Martin v. Hunter's Lessee
Martin v. Hunter's Lessee, case decided in 1816 by the U.S. Supreme Court. From 1779 to 1785, Virginia passed a series of laws by which the state confiscated all lands owned by foreigners. David Hunter was granted 800 acres of confiscated lands that had been willed to Denny Martin Fairfax, a British subject. Fairfax brought suit against Hunter for return of the land. On Fairfax's death the suit was taken over by his heir, Philip Martin. Martin argued that Fairfax's ownership had been protected by treaties between the United States and Great Britain guaranteeing British subjects the right to hold land in America. The Virginia court of appeals upheld the grant to Hunter, but on appeal the U.S. Supreme Court voided the grant (1813). The Virginia court refused to obey the Supreme Court ruling, declaring that it had no right to review the decisions of state courts under the U.S. Constitution. When the case again came before the Supreme Court, Justice Story ruled that section 25 of the Judiciary Act of 1789, which granted the U.S. Supreme Court appellate jurisdiction over state courts in certain situations (as in this case, where a state court denied the validity of a federal statute), was constitutional. His decision affirmed the Supreme Court's right to review state court decisions.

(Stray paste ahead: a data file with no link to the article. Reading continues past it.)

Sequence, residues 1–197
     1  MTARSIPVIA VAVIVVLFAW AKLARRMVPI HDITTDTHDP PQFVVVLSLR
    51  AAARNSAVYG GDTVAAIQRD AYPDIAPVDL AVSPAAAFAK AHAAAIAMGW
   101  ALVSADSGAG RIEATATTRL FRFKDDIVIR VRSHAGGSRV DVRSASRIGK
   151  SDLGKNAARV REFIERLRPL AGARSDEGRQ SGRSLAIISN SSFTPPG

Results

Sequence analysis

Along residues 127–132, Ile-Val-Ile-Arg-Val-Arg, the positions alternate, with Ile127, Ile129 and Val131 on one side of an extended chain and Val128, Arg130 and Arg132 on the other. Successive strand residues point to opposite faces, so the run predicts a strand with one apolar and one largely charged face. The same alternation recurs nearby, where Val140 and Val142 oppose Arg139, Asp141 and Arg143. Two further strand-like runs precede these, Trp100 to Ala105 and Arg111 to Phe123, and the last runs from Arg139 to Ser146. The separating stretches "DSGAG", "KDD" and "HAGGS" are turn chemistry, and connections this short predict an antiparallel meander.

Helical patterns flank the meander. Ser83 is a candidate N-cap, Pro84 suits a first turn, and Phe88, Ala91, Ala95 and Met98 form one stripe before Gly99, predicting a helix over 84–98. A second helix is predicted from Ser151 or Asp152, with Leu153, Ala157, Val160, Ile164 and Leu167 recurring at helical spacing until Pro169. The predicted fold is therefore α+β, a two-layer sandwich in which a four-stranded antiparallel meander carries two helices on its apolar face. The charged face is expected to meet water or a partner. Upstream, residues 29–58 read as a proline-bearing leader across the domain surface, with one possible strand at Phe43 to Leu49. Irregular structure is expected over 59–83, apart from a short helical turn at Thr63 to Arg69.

The Columbia Electronic Encyclopedia, 6th ed. Copyright © 2012, Columbia University Press. All rights reserved.
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